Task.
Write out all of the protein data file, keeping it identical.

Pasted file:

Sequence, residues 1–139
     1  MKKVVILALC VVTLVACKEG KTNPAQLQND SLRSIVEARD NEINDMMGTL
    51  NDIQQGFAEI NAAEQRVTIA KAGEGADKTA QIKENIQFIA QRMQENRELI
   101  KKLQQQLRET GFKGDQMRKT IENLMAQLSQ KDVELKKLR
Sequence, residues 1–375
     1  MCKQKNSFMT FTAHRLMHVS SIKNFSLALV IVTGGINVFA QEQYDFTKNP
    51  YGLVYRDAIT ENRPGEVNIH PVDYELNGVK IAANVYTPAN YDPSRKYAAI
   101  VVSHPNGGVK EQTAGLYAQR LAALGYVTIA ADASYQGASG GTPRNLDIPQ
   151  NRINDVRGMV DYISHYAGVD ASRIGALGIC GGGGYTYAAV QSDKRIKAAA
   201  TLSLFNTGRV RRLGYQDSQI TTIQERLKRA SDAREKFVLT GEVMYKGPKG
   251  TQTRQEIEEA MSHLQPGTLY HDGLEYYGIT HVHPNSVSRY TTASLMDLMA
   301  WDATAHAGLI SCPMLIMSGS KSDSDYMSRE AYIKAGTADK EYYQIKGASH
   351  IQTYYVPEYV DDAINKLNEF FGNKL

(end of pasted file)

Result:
Sequence, residues 1–139
     1  MKKVVILALC VVTLVACKEG KTNPAQLQND SLRSIVEARD NEINDMMGTL
    51  NDIQQGFAEI NAAEQRVTIA KAGEGADKTA QIKENIQFIA QRMQENRELI
   101  KKLQQQLRET GFKGDQMRKT IENLMAQLSQ KDVELKKLR
Sequence, residues 1–375
     1  MCKQKNSFMT FTAHRLMHVS SIKNFSLALV IVTGGINVFA QEQYDFTKNP
    51  YGLVYRDAIT ENRPGEVNIH PVDYELNGVK IAANVYTPAN YDPSRKYAAI
   101  VVSHPNGGVK EQTAGLYAQR LAALGYVTIA ADASYQGASG GTPRNLDIPQ
   151  NRINDVRGMV DYISHYAGVD ASRIGALGIC GGGGYTYAAV QSDKRIKAAA
   201  TLSLFNTGRV RRLGYQDSQI TTIQERLKRA SDAREKFVLT GEVMYKGPKG
   251  TQTRQEIEEA MSHLQPGTLY HDGLEYYGIT HVHPNSVSRY TTASLMDLMA
   301  WDATAHAGLI SCPMLIMSGS KSDSDYMSRE AYIKAGTADK EYYQIKGASH
   351  IQTYYVPEYV DDAINKLNEF FGNKL